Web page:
- Avoid dark colors or lighting.
- Keep the sun behind you.
The process of setting up your equipment may disturb the hummingbirds. That won’t last long, however; the hummingbirds will get used to your equipment and the camera’s sound. DO NOT try to entrap or interfere with the hummingbird’s natural behavior, also note that capturing hummingbirds is illegal. Using the tips above, you can take pictures of beautiful hummingbirds without stressing them.
How To Identify Which Species of Hummingbird Is In Your Photo
Though there are over 361 species of hummingbird known at this time, each species has a specific coloring that makes them uniquely identifiable. Make sure you know which species of hummingbird frequents your area. Though migrants can be found anywhere, start with the species frequently sighted in your area.
Anna’s hummingbird stays close to the Pacific Coast, from Alaska to Mexico. Males have a rose-pink gorget (throat) and a forked tail. Females have red speckles on their throats and are duller in color.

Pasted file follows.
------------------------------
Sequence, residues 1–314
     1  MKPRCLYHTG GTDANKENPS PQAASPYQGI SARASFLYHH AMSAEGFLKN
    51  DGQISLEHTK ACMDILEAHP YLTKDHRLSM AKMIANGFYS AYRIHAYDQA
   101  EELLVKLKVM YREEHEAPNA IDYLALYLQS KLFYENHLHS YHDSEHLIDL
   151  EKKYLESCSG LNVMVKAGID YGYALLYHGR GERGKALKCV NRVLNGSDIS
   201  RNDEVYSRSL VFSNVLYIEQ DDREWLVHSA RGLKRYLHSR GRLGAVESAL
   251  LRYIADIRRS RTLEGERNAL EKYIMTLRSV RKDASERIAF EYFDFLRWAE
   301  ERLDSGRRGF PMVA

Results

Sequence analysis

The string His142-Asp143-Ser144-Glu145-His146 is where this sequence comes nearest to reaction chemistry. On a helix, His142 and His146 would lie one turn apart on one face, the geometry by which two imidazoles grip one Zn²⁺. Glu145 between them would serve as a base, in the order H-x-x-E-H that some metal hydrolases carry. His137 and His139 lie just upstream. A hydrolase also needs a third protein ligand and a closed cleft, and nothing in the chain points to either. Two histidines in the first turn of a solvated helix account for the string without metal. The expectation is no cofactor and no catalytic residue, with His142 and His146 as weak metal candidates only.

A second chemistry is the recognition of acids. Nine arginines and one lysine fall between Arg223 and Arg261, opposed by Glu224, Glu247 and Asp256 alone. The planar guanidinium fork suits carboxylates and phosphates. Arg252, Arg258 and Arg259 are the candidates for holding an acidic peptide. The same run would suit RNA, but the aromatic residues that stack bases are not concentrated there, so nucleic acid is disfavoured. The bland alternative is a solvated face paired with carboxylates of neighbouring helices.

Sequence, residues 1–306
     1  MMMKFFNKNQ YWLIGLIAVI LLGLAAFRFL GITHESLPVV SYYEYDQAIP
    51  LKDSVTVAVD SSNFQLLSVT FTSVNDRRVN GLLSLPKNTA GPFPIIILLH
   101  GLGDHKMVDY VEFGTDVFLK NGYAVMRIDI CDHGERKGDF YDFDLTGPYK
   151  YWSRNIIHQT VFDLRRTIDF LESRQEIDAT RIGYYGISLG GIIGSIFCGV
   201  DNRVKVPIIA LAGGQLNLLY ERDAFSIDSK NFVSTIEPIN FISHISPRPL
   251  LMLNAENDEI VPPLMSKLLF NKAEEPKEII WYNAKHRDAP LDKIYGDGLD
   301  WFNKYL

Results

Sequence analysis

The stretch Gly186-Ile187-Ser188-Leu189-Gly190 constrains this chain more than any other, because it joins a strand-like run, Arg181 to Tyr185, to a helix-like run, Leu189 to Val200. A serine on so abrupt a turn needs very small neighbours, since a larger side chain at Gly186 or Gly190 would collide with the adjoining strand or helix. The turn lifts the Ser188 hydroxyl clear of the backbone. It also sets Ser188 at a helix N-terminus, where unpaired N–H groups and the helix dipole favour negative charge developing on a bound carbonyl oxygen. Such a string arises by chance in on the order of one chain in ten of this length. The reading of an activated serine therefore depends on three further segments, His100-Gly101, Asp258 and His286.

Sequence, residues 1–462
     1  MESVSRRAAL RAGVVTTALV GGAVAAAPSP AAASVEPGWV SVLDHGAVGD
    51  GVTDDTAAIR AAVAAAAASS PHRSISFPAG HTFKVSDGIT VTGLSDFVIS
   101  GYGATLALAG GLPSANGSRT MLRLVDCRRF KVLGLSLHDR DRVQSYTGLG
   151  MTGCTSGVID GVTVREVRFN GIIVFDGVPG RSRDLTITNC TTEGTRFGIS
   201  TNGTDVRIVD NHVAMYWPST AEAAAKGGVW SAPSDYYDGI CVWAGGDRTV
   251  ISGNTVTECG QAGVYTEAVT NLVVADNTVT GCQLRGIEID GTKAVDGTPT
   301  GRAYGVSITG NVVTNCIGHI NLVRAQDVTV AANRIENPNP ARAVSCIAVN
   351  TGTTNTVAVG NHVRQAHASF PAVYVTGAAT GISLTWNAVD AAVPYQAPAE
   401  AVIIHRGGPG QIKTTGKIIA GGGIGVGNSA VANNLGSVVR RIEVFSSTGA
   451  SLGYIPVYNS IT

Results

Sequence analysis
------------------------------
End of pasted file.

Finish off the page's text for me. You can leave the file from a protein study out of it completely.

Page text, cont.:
Ruby-Throated Hummingbirds, or Archilochus Colubris, have the broadest range in North America, spanning 2/3 of the US and up into Canada. The male Ruby-Throated Hummingbird has a bright red gorget and an iridescent green body. Females have a duller green body without a red throat.
Since these birds are so common, they are comfortable at feeders and backyards. If a Ruby-Throated hummingbird visits your backyard feeder, you should prepare to see them visit more often as they memorize their feeding locations.
The Rufous Hummingbird ranges from central Mexico through the western third of the US and up into Alaska. The male Rufous Hummingbird is colored bright orange, while the female Rufous Hummingbird has more green.